I read with great interest a recent blog post by Josh Stumpenhorst (@stumpteacher) that spoke about the concerns for some of our students as they headed off for the Christmas break. He listed some of the challenges these students might face (http://tinyurl.com/6qp72w6) and reminded educators to “remember when those students start acting out there might be a reason behind it. They might be afraid of leaving the safe, calm, and loving environment that is school.” My experience tells me this is equally a challenge for students when they return to school. For all of the same reasons listed, some of our students return from a world that may function in direct opposition to many of our expectations in the classroom and they may have spent many days in a much more chaotic realm. Their return to school tends to be a bit uneven and fraught with frustration for the teacher who felt significant progress had been made prior to the break.
How best then, to make their return as positive as possible? The first few days should be devoted to reviewing routines and expectations. Not with an eye towards issuing consequences but to ensuring that all the gains realized before the break remains the focus and the foundation for future growth for all students. Teachers might want to think about planning a field trip or a classroom activity that involves a lot of visual or hands-on stimulation and student interaction during the first week after the break. This would engage all of the students in a positive and pro-social event that will allow a quick return to the old, familiar, and desirable routines. The more negative the experience the student might have had, the more effort required on the part of the educator to reconnect that student to some of the positive attributes. Many of you represent the sole positive role model your students might have in their lives, Never underestimate the difference you make. As I was watching my favorite holiday classic (“It’s a Wonderful Life”), I imagined George Bailey as a teacher. The significant and profound impact that educators have for all of their students becomes even more so for those students that teeter on the edge. Not to suggest to any readers of this post to be either macabre or egotistical, but take a moment and reflect on what might be if you were not a significant adult for so many of your charges.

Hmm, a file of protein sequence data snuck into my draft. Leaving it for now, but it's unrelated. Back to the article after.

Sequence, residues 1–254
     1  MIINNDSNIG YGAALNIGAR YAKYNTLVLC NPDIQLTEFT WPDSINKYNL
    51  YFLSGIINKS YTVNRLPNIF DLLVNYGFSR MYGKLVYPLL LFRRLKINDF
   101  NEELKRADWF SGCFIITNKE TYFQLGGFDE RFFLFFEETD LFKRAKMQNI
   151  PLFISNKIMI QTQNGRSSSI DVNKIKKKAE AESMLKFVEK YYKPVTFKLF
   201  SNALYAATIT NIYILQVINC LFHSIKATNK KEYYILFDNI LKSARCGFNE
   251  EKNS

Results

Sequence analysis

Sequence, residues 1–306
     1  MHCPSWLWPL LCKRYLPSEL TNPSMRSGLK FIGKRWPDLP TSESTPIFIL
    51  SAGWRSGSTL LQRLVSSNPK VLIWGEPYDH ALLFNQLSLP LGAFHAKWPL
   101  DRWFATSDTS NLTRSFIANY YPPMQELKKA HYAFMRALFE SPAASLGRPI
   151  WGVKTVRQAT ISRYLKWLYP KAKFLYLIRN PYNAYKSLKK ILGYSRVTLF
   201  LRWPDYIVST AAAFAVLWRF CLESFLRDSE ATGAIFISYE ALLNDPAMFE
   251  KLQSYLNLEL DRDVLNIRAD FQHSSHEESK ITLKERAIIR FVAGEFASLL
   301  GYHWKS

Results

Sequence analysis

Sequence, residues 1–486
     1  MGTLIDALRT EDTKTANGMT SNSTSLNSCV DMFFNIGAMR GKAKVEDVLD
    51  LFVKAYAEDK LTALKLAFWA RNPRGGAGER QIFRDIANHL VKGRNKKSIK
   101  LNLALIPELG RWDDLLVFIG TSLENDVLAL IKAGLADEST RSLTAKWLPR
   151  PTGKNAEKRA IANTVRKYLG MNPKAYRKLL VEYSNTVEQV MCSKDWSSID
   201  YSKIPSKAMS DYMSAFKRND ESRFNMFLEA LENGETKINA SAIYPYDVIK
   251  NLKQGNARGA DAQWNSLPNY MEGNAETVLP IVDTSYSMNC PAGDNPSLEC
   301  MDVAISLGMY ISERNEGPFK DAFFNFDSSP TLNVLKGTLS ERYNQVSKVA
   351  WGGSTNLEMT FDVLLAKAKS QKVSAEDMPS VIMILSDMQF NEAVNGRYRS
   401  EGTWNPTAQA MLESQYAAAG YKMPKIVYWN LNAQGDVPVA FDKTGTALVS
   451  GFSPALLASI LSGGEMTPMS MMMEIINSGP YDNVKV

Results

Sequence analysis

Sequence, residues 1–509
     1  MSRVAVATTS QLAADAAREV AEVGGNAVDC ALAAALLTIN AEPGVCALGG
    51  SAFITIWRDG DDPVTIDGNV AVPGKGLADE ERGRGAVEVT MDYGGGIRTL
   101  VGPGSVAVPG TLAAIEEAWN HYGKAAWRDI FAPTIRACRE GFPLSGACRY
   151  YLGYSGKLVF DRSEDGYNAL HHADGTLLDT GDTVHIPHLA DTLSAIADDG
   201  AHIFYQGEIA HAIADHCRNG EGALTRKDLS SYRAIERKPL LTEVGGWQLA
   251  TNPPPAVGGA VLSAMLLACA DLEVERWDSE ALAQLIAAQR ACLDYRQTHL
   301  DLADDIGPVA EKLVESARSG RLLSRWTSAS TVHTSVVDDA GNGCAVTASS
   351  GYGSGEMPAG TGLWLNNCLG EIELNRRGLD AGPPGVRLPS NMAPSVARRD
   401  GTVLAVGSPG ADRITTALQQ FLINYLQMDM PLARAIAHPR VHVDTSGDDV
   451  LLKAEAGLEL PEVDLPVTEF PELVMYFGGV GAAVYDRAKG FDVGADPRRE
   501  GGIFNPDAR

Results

The Christmas holiday and New Year’s celebrations produce a lot of emotion and do create many positive memories. I’m not suggesting that we avoid interacting with those students for whom this is a blessed time but merely suggesting that we recognize that some of our students come from the other extreme. Rather than getting frustrated or disappointed that there appears to be a loss of all that was gained pre-break, take a moment to realize what was achieved and recognize the path to achieving that might be a little easier to tread the second time around. The best gift we can ever give our students is the gift of ourselves. Perhaps we should all wear a bow on our first day back.
Merry Christmas and best wishes for a healthy and happy 2012.